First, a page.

Why change one thing when you can change everything?

The Willamette

My bride and I have been pondering a change of scenery for years. We have dear friends east of Portland, Oregon. Every time we’ve visited over the years, we’ve grown to love that city more and more. We have always loved the Pacific Northwest and figured we’d relocate there a few years after our kids had grown up and left our home.

A few months back for various reasons, our timeframe accelerated. A lot.

In late July, we made the decision to prepare for the move. In August I put together a resume and sent it out to prospective employers. By September I had found some promising prospects. In early October I traveled to Portland for interviews and received an offer from a great company in a role that suits me very well.

Of course, the bittersweet nature of such a change looms large. For 21 years we built a life for ourselves and our family in Kingsburg. I’ve been blessed with a wonderful career in the Fresno area. We planted a church together in Kingsburg. The family home where our kids grew up is in Kingsburg. Most of our close friends are in Kingsburg and Fresno.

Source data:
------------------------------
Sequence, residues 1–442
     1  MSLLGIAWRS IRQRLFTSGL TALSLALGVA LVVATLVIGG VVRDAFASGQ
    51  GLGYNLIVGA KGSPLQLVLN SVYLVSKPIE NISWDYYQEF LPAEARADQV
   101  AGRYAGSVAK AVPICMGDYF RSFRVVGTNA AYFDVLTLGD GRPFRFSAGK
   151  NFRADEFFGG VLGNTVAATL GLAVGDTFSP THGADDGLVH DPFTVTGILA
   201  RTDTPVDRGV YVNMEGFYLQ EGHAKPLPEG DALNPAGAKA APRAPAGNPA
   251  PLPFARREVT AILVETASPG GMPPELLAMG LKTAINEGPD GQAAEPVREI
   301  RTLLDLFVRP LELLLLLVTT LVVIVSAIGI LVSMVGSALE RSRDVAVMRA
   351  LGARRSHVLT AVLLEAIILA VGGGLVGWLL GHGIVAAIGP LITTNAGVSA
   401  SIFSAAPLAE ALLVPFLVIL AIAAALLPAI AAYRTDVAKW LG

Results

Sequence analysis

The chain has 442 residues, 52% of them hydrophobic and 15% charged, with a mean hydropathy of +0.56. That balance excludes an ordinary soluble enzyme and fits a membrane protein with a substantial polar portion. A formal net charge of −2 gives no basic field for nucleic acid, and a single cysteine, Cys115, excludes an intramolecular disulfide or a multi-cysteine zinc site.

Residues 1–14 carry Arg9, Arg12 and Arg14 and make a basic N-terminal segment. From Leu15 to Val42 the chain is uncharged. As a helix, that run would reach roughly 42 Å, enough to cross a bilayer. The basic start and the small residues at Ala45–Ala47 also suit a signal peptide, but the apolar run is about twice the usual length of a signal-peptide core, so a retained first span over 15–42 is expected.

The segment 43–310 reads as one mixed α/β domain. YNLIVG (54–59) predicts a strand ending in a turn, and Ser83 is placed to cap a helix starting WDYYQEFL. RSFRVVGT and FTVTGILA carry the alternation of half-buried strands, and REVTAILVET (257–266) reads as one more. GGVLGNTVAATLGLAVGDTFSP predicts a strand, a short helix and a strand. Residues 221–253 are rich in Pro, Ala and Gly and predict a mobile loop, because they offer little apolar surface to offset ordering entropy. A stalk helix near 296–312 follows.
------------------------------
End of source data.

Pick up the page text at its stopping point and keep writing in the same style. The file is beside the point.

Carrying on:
So why change a good thing?

I think a better question is: Why not?

Honestly, there are good reasons to stay, and good reasons to go. For my part, the opportunity to live in the woods and work in the city thrills me. I’ve never enjoyed hot Central California summers. The air wreaks havoc on my son who has asthma. But more than anything, after 21 years, I just sense it’s time for a new adventure.

I’ve enjoyed this past year working at Aplos and they have been incredibly gracious to me during this time of transition. My last day there will be November 1, 2019.

On November 4, I’ll begin a new role as a Software Architect at Viewpoint, a company that specializes in construction software. My role involves influencing and creating architectural designs for highly scalable and distributed cloud systems.

Our Kingsburg home is in escrow, and the current plan is to move into our new home in Oregon on November 21. Of course, as with any change, not everything will go exactly according to plan. But I can hardly wait to begin this new adventure.

Clackamas River

 


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